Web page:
Mathematical modeling techniques are now widely employed in the field of cancer research. In this talk, a computational tool is presented that seeks to provide a theoretical basis for helping drug design teams assess the most promising drug targets and design optimal cancer treatment strategies. The tool is grounded in a previously-validated hybrid cellular automaton model of tumor growth in a vascularized environment. I will demonstrate how computer simulations of the mathematical model can be used to study the anti-tumor activity of several vascular-targeting compounds, as well as a chemotherapeutic agent. When possible, simulation results will be directly compared to preclinical and clinical data. Further, I will illustrate how techniques from optimization theory can be employed to identify a dosing protocol that minimizes the number of cancer cells remaining after treatment with a vascular-disrupting and chemotherapeutic drug. The treatment regimen identified can successfully halt simulated tumor growth, even after the cessation of therapy. I will end with some ongoing work and open questions.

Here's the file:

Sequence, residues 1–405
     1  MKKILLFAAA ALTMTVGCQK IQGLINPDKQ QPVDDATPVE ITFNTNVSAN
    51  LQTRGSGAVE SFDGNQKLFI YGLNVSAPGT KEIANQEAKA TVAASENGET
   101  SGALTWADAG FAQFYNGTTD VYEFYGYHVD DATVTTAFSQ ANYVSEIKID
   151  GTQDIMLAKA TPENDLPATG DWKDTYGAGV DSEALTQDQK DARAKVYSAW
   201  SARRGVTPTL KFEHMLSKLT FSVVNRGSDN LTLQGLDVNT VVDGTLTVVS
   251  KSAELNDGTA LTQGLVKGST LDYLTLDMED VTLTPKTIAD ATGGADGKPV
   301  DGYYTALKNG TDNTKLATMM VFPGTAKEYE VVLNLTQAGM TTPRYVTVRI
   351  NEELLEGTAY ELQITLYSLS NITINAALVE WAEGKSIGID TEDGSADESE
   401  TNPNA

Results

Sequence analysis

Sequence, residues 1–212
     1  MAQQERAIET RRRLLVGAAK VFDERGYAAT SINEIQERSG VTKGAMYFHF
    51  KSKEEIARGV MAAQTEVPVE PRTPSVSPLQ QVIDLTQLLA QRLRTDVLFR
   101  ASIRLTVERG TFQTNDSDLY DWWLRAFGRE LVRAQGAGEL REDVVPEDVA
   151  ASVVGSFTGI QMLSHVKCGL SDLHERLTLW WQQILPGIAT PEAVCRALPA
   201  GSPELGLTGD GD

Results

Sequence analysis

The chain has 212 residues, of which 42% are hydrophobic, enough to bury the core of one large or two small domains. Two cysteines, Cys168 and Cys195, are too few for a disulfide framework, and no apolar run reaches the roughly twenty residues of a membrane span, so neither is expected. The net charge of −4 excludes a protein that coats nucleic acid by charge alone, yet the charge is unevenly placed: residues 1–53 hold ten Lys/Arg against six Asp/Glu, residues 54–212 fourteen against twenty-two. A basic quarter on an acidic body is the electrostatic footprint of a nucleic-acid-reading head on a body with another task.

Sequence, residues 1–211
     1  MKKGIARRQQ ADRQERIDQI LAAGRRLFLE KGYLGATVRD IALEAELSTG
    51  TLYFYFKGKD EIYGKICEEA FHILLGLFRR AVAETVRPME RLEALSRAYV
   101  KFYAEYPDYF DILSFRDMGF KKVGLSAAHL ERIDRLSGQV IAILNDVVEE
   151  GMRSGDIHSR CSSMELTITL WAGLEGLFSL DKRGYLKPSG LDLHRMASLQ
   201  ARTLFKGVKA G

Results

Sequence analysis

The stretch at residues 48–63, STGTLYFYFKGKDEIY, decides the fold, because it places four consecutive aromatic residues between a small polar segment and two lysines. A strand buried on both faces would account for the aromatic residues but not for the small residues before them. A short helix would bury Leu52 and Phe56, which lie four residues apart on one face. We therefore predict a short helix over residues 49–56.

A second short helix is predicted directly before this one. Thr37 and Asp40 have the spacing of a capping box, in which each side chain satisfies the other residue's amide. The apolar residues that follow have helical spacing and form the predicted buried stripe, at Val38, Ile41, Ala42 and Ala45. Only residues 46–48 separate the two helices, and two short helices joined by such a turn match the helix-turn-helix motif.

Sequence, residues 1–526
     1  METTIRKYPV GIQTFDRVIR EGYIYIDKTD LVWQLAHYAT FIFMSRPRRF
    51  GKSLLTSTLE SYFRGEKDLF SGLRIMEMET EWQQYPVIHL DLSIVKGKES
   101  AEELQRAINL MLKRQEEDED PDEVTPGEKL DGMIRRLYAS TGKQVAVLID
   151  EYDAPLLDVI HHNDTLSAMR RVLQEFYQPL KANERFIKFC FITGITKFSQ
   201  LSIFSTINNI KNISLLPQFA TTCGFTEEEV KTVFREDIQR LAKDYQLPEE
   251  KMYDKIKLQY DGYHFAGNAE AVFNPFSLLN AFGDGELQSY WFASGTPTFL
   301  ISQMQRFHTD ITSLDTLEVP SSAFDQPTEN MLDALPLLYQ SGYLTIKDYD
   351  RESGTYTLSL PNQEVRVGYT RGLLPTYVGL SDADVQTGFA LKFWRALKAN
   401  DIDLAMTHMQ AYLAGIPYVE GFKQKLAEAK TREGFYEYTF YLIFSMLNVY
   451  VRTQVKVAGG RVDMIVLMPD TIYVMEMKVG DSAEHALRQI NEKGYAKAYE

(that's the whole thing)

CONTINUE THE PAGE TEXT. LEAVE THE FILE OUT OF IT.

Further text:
Mathematical Modeling of Tumor-Vasculature Interactions: Implications for Treatment
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